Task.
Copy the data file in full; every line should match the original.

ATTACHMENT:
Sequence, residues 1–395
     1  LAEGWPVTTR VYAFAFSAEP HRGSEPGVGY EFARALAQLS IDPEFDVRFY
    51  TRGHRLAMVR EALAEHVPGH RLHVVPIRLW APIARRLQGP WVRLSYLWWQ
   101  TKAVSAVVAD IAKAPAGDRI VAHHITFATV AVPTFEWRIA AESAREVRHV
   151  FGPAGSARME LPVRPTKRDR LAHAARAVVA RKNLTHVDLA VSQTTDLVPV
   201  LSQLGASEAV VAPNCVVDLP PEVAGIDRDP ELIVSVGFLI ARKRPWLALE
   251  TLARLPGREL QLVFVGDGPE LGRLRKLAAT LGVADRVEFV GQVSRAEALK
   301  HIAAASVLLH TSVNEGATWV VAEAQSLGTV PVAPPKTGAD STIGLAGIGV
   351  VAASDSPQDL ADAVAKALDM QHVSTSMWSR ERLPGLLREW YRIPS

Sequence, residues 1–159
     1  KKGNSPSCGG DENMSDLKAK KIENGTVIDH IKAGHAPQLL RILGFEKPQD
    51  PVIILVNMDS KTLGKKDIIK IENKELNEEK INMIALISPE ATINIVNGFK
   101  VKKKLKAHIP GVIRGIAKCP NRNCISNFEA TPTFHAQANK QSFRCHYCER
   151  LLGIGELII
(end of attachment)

Sequence, residues 1–395
     1  LAEGWPVTTR VYAFAFSAEP HRGSEPGVGY EFARALAQLS IDPEFDVRFY
    51  TRGHRLAMVR EALAEHVPGH RLHVVPIRLW APIARRLQGP WVRLSYLWWQ
   101  TKAVSAVVAD IAKAPAGDRI VAHHITFATV AVPTFEWRIA AESAREVRHV
   151  FGPAGSARME LPVRPTKRDR LAHAARAVVA RKNLTHVDLA VSQTTDLVPV
   201  LSQLGASEAV VAPNCVVDLP PEVAGIDRDP ELIVSVGFLI ARKRPWLALE
   251  TLARLPGREL QLVFVGDGPE LGRLRKLAAT LGVADRVEFV GQVSRAEALK
   301  HIAAASVLLH TSVNEGATWV VAEAQSLGTV PVAPPKTGAD STIGLAGIGV
   351  VAASDSPQDL ADAVAKALDM QHVSTSMWSR ERLPGLLREW YRIPS

Sequence, residues 1–159
     1  KKGNSPSCGG DENMSDLKAK KIENGTVIDH IKAGHAPQLL RILGFEKPQD
    51  PVIILVNMDS KTLGKKDIIK IENKELNEEK INMIALISPE ATINIVNGFK
   101  VKKKLKAHIP GVIRGIAKCP NRNCISNFEA TPTFHAQANK QSFRCHYCER
   151  LLGIGELII